stealth

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Have you ever belly-crawled through the tall grass beside a mountain stream hoping to sneak up on your favorite fishing spot? Most freshwater anglers understand how important it is to be quiet and sneaky but I’ve noticed that some Chesapeake Bay fishermen don’t fully appreciate the concept of stealth. It won’t be long until the weather breaks and fishermen who are looking to overcome cabin-fever will pack into some of the better-known fishing spots like the warm water discharges, the Susquehanna Flats, and the mouths of Upper Bay rivers. When fish are thick and hungry, you can stomp beer cans in the bottom of your boat and still catch them, but when they’re finicky, stealth becomes a lot more important.

Spring on the Chesapeake Bay is the best time of year to catch the fish of a lifetime, but don’t forget that big fish get that way by being smart. While you might luck into a forty-inch-plus fish once in a while no matter what, your chances increase dramatically when you improve your noise discipline. Here are some tips and tactics that are guaranteed to increase your odds of catching trophy stripers on light tackle: Read More!


The third in a series of entries about the senses striped bass use to find their prey, here’s a look at how we can trigger more strikes by understanding how stripers hear and feel. It’s no secret that fish can be either attracted or repelled by sound. One of the biggest mistakes I see from rookie Chesapeake Bay fishermen is making too much noise. Every hunter knows the importance of stealth. When I was a kid, my dad taught me to walk lightly in the woods and to avoid stepping on sticks or limbs that might crack.  He also showed me how to control a cough or sneeze and advised me to regulate my breathing in order to be more stealthy.  Later, I sat through U. S. Army basic training and NCO academy classes stressing the importance of noise discipline in combat. Avoiding excessive noise when you’re fishing seems like common sense, but I’m always amazed when I see a boatload of fishermen roar up on a fishing spot, laughing and shouting with radio blaring and engine running.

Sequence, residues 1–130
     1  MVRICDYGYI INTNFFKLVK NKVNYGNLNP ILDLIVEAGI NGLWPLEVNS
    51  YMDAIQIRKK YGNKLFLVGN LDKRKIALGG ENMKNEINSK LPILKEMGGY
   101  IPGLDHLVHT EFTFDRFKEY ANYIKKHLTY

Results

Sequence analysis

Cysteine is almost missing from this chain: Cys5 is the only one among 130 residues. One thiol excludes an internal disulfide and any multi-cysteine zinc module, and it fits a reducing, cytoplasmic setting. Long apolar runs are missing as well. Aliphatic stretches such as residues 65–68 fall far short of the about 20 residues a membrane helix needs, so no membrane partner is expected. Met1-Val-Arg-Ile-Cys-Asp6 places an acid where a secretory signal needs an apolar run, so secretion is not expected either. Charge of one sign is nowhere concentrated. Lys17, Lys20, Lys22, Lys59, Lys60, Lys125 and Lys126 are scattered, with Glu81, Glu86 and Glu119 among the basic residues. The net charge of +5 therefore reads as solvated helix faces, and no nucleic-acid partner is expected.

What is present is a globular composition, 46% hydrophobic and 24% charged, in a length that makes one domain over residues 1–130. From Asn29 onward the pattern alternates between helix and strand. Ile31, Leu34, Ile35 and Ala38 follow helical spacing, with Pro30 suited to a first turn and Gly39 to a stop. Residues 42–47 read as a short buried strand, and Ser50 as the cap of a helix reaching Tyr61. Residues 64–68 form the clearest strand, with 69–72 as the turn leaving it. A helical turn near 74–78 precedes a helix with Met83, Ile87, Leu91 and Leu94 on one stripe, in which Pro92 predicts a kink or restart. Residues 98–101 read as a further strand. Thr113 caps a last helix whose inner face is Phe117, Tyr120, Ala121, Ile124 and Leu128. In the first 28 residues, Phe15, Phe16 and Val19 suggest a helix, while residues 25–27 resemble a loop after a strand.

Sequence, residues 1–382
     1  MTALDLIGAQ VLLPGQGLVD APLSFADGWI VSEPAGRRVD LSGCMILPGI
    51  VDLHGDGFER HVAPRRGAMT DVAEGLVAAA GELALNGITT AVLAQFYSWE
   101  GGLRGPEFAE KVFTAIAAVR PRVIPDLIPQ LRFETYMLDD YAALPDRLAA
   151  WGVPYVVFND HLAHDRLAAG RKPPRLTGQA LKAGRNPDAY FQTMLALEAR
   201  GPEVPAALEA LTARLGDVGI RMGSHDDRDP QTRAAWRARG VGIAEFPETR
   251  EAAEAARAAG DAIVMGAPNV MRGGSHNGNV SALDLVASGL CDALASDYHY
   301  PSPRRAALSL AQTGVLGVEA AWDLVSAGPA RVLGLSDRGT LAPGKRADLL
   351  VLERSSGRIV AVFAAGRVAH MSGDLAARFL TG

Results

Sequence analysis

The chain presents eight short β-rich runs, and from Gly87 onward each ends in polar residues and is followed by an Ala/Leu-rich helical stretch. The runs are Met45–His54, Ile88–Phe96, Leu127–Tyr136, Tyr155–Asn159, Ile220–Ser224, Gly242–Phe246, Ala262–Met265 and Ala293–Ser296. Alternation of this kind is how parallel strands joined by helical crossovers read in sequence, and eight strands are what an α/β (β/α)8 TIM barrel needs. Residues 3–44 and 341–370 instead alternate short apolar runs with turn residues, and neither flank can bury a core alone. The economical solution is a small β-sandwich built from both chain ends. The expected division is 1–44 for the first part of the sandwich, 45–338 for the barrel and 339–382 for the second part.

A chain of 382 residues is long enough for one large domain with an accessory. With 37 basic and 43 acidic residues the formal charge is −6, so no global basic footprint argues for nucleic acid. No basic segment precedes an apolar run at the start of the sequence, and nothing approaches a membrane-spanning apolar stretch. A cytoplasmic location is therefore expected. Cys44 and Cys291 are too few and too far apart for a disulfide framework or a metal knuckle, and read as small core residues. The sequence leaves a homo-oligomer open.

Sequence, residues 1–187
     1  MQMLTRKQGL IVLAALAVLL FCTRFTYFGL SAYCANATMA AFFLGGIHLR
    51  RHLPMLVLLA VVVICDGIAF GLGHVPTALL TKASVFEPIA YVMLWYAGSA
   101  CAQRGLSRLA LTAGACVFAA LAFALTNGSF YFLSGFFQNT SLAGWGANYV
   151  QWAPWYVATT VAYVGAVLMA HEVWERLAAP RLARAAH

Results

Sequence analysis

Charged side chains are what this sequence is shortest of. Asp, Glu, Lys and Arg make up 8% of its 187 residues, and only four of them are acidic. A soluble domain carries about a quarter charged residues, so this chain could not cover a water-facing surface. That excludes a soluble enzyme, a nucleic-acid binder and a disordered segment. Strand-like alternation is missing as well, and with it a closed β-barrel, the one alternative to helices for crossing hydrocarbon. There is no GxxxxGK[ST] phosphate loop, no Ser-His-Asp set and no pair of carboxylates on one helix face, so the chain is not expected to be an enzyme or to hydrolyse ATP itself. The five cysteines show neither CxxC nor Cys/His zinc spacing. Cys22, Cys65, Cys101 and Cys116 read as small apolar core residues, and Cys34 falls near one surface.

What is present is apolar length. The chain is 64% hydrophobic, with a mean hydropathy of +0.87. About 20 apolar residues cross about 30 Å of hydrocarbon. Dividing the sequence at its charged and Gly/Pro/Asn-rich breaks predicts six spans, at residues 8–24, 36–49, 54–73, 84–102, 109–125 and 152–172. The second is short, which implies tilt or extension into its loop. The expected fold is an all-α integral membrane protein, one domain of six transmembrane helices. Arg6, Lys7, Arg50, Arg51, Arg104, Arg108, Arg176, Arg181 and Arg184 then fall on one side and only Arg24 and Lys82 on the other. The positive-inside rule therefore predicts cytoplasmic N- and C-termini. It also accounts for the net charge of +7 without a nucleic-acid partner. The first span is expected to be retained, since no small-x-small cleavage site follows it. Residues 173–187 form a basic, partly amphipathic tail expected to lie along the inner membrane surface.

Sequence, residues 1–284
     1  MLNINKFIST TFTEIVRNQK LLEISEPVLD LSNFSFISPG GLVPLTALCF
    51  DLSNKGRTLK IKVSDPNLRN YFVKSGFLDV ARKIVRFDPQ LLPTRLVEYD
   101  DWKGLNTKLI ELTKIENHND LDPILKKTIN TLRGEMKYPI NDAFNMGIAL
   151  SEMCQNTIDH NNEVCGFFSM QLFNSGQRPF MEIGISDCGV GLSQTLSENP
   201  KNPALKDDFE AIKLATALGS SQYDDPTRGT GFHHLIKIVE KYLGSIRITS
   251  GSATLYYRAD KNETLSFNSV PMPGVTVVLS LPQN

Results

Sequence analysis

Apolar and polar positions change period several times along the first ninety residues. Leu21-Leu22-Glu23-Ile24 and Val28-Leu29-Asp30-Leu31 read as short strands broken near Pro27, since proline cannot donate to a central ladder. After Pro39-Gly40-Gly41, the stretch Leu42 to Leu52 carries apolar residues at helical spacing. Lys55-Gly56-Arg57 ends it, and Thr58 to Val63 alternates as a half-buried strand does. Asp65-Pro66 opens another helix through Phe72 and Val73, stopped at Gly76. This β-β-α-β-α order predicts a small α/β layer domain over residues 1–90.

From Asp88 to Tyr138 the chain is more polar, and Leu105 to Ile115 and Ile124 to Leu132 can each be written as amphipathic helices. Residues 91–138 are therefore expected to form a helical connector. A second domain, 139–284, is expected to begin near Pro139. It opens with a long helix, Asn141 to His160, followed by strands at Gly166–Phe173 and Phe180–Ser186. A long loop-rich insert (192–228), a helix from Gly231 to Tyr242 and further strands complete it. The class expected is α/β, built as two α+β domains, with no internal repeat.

Obviously, stripers can be put off by noise, but they can be attracted by the sounds they’ve learned to associate with food.  To a casual observer, it might seem like a quiet world beneath the water, but it’s really a noisy environment: Drumfish drum, croakers croak, baitfish bolt, crustaceans click, even crawling crabs contribute to the convoluted cacophony of sound. Striped bass hear low-pitched subaquatic sounds better than humans.  They have an auditory range that starts on the low end at 15 sound waves per second (Hz) and tops out on the high side at about 15,000 Hz.  Humans can’t hear sounds much lower than 20 Hz, but we can usually hear high pitched sounds better than rockfish.  The angler’s challenge is to amplify the sounds that trigger strikes, while masking the ones that send fish packing. Read More!